‘On that same day two of Jesus’ followers were going to a village named
Emmaus, about eleven kilometres from Jerusalem, and they were talking to
each other about all the things that had happened. As they talked and
discussed, Jesus himself drew near and walked along with them … As they came
near the village to which they were going, Jesus acted as if he were going
farther’ (Lk 24: vv 13-15 & 28).
‘Jesus acted as if he were going farther…’ This verse, taken from St
Gospel, indicates that Jesus was quite purposely ‘feigning’ his intention to
continue his walk to Emmaus. This is exceptional - if not downright odd -
coming from Jesus himself. All throughout the biblical narratives, the
gospel writers are quite clear in their assertion that make believe was not
part of Jesus’ disposition! In fact, the verb ‘acted as if’ is used only
this once in the New Testament. However, I do not think that this sole
exception connotes any moral latitude on the part of the Resurrected Christ.
On the contrary, his self-effacing discretion manifests a presence that
deeply respects the mystery of others. It mobilises our faith, shifts it
into high gear, deepens it and then opens up a ‘new route’ for believers to
follow - which, incidentally, is the etymology of the word ‘synod’.
Let us just go back two thousand years and put ourselves for one minute
the place of those disciples! They had spent three years with Jesus as he
walked and talked across the whole land. They were now desperately trying to
make sense of the events they had just witnessed in Jerusalem. They were
dazed, and found themselves confused and fearful. After all, the
crucifixion of their teacher had shattered all their idealistic images of
Jesus as Saviour of Israel. Their master had died, but the Resurrected
Christ was suddenly in their midst again some three days later. And not only
that! There was also nothing earth-shattering in Christ’s apparition in
their midst. It was certainly not reminiscent of the thunder, lightning,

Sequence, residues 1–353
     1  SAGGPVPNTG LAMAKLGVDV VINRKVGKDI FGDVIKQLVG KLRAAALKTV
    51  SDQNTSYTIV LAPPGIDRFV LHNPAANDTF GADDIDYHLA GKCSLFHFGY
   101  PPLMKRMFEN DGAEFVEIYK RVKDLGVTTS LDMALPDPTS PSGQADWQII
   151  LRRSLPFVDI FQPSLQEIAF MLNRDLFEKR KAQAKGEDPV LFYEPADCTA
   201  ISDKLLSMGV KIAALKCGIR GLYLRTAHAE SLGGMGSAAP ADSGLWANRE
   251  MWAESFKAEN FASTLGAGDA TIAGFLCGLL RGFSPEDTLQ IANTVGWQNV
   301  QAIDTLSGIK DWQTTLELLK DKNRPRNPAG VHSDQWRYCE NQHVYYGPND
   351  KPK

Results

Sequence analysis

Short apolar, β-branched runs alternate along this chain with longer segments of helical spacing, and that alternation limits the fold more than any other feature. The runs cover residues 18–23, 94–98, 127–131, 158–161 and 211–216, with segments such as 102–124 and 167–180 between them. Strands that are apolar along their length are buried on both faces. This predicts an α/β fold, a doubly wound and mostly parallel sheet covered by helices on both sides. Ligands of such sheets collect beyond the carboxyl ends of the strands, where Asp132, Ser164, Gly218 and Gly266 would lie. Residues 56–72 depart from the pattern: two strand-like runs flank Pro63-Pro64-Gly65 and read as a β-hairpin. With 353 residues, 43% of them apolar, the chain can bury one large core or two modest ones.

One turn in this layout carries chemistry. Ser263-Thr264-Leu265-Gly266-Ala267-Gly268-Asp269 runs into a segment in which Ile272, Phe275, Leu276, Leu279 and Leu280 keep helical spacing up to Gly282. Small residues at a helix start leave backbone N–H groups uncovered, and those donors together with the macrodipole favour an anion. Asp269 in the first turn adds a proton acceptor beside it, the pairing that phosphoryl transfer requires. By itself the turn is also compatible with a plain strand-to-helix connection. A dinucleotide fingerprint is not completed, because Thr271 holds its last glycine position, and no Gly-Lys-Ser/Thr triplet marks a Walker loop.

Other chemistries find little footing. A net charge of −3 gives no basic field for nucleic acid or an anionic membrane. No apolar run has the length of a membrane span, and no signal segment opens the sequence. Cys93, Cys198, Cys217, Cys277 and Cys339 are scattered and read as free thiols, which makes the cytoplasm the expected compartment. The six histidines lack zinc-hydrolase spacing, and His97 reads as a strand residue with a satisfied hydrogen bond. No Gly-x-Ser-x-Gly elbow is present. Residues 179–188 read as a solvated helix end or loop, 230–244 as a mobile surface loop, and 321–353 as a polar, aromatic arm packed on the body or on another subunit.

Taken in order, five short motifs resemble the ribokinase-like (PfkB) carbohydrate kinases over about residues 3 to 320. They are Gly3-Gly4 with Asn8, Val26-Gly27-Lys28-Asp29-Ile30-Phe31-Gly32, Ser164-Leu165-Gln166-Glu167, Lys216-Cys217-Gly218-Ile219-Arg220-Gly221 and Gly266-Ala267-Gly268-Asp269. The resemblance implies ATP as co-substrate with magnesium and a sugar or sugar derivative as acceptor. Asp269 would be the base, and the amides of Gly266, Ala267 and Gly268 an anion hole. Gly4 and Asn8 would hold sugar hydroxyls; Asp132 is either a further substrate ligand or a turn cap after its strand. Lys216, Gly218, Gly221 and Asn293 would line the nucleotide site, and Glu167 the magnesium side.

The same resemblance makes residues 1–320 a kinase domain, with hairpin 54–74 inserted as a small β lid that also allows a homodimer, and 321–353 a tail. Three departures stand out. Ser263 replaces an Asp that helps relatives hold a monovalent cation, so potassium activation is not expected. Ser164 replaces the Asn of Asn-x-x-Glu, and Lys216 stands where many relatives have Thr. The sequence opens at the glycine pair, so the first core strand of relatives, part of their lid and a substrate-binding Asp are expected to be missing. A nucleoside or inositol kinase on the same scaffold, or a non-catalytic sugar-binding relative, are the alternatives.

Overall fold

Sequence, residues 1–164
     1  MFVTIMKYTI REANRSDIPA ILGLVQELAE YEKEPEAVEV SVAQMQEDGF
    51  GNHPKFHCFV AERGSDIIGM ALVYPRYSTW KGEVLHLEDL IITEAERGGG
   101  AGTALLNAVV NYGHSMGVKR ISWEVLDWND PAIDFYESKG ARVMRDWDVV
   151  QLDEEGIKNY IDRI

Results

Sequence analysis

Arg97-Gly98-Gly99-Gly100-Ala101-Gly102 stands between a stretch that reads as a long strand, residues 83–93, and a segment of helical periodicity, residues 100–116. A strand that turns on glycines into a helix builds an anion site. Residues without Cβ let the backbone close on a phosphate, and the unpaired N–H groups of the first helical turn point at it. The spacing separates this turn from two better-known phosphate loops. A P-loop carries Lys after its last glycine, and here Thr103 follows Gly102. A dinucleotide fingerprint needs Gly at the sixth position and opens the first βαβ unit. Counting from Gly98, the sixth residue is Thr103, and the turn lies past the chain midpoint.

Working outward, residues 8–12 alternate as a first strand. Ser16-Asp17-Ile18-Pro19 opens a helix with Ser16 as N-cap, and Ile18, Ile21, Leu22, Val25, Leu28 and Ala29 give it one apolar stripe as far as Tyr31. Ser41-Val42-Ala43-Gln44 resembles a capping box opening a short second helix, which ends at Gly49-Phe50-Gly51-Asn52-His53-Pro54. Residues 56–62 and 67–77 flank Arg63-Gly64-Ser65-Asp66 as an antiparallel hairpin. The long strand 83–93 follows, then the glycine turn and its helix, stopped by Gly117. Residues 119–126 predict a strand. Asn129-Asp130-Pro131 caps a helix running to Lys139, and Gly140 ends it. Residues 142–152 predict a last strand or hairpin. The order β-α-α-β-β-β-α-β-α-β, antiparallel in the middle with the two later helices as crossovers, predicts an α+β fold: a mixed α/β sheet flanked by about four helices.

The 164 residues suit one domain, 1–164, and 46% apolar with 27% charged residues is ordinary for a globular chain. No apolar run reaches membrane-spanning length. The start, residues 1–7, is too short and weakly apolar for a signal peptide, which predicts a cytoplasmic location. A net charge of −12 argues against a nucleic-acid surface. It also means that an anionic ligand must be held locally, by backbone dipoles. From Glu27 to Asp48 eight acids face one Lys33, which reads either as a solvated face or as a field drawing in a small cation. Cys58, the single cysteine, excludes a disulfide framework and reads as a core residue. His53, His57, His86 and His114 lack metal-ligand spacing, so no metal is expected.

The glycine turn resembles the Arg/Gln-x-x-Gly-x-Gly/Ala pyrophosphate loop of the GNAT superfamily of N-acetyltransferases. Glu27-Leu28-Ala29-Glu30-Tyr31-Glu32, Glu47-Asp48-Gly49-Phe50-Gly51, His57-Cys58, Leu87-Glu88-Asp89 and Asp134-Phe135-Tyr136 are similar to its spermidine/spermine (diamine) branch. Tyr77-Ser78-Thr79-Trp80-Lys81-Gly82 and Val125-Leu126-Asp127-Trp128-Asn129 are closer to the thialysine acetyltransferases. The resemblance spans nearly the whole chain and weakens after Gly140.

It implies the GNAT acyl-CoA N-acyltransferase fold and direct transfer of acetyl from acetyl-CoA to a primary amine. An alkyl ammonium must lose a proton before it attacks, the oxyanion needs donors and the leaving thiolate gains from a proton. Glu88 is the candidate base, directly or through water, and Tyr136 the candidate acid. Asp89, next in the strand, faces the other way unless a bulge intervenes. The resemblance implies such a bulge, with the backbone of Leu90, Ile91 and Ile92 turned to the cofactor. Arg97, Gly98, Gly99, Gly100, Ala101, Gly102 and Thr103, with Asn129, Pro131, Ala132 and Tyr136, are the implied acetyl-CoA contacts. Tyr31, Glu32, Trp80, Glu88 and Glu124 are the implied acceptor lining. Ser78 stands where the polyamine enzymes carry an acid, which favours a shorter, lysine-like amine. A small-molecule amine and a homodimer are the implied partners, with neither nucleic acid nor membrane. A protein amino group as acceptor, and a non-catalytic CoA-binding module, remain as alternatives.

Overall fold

thick clouds and loud trumpet blasts that accompanied the theophany of the
Israelites at Mount Sinai when Moses met with God (Ex 19:16). If anything,
this meeting was noticeable by its low-key discretion! According to Luke’s
version of the encounter on the walk to Emmaus, Jesus simply joined his
disciples, walked along with them and asked them, “What are you talking
about to each other, as you walk along?” As simple as that - no fanfare, no
great shakes and certainly no fireworks!
I believe that this discretion of the Saviour at Emmaus is paradigmatic
the relations Jesus Christ continues to have with us today. It takes into
account our own slowness and slothfulness. Instead of impressive and
hard-hitting gestures, he takes the time to ‘walk the walk’ in all humility
and engages us in plain conversations - almost like intimate banters. In
verse 21 of St Luke’s version of the walk, the disciples - who had not yet
discovered the true identity of Jesus Christ - tell the stranger they had
hoped that Jesus would be the one who would set Israel free. Again, in
verses 23 and 24 of the same text, the disciples inform the ‘stranger’ that
some of the women had gone at dawn to the tomb but could not find the body.
They also add that the women had then returned saying they had seen a vision
of angels telling them that he was alive. The men in turn had then gone to
the tomb and found it exactly as the women had described it – though they
did not see Jesus either. The disciples were demonstrating yet again their
inability to grasp the truth or to trust other people. Jesus respects our
inherent weaknesses. His discretion depicts an understanding that our
inchoate faith needs time to develop, and he gives us ample opportunity to
seize the truth.
This discreet and soft-spoken God who reveals himself to his disciples
the God who walks along with us on our journey through life. He does not
demand that we bow our heads before him. He is the God who talks to us; he
does not cast spells on us. He is one who challenges our beliefs and deeds;
he does not peremptorily approve or disapprove of our actions. He explains
the Word to us; he does not shield himself from us behind an infinite and
haughty silence. He allows us to open our eyes to the truth gradually; he
does not wish to blind us with flashes. This is the essence of the God of
the New Testament that Christians believe in. Jesus does not compromise on
the truth. He challenges us to abide by it. However, he also knows our
human weaknesses and gives us the necessary space to choose the path of
truth and righteousness - if we opt to do so.
This week, many local Christians in the Holy Land celebrated the
Resurrection of Jesus Christ. Some of them went to Emmaus to celebrate holy
mass and to break bread with the whole community there. Perhaps as we recall
the story of Emmaus during the season of paschal celebrations, it might help
us to open ourselves up to Jesus’ teachings and to be vulnerable to his
sense of discreet persuasion. We need not always hide behind our own
firewalls of suspicion, reluctance, fear, apathy and self-protection.
Christos Anesti! Alithos Anesti! Hallelujah!
hh © MECC/jlo